Academic journal article Phi Delta Kappan

Adults Falling Behind

Academic journal article Phi Delta Kappan

Adults Falling Behind

Article excerpt

American adults are not only not "the best in the world," they are slipping in comparison to their peers around the world, according to a massive study by the Organization for Economic Cooperation and Development (OECD).

The OECD Survey of Adult Skills is a new international study examining the skills of 16- to 65-year-olds across 24 countries, including how literacy, numeracy, and problem solving are used at work. The survey examined 160,000 adults, including 5,000 Americans.

The survey showed that high-quality initial education is an important predictor for success in adult life. But countries must combine this with flexible, skills-oriented learning opportunities throughout life, in particular for working-age adults.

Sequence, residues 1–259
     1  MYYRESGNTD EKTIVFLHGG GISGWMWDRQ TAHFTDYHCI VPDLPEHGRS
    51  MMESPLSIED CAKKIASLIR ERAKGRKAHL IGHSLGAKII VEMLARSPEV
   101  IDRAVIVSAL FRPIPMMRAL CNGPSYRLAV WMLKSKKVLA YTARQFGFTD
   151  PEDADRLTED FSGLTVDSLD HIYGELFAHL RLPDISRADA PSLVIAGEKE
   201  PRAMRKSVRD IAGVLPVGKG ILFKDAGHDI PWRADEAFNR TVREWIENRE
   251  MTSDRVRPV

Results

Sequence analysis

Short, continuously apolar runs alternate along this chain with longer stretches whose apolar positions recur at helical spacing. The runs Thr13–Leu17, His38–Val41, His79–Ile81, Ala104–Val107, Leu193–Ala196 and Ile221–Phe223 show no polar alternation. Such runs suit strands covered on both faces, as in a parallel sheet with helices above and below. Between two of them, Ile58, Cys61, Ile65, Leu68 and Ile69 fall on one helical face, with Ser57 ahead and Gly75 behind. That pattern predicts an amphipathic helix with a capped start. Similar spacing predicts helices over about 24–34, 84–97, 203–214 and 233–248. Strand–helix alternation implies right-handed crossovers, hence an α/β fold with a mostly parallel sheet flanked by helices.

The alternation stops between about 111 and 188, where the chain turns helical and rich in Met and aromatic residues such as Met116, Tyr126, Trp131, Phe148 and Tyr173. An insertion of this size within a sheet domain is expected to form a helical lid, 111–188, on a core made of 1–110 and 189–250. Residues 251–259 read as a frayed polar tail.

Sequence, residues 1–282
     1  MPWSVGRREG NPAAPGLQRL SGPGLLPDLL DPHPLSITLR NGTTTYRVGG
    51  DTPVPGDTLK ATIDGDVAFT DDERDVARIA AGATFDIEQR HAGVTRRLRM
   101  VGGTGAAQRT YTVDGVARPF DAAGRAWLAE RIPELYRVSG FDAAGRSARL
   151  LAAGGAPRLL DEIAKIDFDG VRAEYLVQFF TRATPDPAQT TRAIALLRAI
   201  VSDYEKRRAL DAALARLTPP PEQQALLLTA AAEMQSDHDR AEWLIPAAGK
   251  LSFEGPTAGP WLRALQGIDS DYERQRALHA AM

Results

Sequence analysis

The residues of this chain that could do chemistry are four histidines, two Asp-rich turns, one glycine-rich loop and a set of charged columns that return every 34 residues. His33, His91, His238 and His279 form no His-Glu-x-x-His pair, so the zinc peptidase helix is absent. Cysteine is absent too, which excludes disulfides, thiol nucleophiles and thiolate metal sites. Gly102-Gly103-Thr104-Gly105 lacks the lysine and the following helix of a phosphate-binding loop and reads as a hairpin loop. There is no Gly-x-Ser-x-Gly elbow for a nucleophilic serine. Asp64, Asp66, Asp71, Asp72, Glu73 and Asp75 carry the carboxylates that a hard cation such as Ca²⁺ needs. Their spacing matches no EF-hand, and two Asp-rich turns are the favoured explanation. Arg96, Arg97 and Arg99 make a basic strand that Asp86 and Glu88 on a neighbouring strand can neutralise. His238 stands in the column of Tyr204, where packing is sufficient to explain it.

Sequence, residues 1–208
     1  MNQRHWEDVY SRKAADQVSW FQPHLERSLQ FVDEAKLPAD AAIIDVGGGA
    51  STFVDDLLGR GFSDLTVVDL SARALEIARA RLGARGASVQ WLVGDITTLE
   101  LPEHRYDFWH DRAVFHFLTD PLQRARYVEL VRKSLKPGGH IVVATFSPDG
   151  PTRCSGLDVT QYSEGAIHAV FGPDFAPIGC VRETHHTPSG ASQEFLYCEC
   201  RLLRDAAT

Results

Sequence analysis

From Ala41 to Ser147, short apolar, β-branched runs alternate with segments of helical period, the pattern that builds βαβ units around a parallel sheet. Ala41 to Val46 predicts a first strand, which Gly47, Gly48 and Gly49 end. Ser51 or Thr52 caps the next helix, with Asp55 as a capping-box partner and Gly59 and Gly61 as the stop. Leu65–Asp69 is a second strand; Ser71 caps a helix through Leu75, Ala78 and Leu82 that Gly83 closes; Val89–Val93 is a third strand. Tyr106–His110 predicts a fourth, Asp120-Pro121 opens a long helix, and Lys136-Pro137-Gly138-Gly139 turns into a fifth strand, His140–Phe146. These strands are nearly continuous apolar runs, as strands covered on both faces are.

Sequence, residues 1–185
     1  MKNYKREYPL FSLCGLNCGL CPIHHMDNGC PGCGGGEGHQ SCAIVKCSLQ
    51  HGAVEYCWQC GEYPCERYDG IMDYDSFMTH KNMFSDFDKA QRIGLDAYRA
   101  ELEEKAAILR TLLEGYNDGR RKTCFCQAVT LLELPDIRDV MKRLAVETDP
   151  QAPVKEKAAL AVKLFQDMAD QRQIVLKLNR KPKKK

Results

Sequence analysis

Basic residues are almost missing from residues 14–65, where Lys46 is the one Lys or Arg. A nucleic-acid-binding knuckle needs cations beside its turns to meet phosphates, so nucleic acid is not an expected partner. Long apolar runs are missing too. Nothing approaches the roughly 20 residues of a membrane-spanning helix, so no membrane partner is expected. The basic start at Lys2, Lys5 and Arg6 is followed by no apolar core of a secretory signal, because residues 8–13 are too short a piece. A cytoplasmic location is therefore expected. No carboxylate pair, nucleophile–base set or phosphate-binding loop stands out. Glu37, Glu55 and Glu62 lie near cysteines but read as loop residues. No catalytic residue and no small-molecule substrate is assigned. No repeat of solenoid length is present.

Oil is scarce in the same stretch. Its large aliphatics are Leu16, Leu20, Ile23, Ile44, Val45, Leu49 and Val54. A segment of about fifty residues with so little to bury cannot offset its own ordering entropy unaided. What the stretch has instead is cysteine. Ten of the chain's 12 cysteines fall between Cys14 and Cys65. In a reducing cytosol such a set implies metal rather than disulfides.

Some of the key findings:

* In literacy skills, 22% of Japanese adults performed at the highest level of proficiency; only 12% of U.S. adults did so. Overall, U.S. adults were below average for literacy skills.

* In numeracy skills, almost one in three adults in the United States (28.7%) perform at or below the most basic level of numeracy, compared to around one in 10 in Japan (8.2%), Finland (12.8%), and the Czech Republic (12.8%).

* In the U.S., the literacy and numeracy skills of young people entering the labor market are worse than for those who are ready for retirement. …

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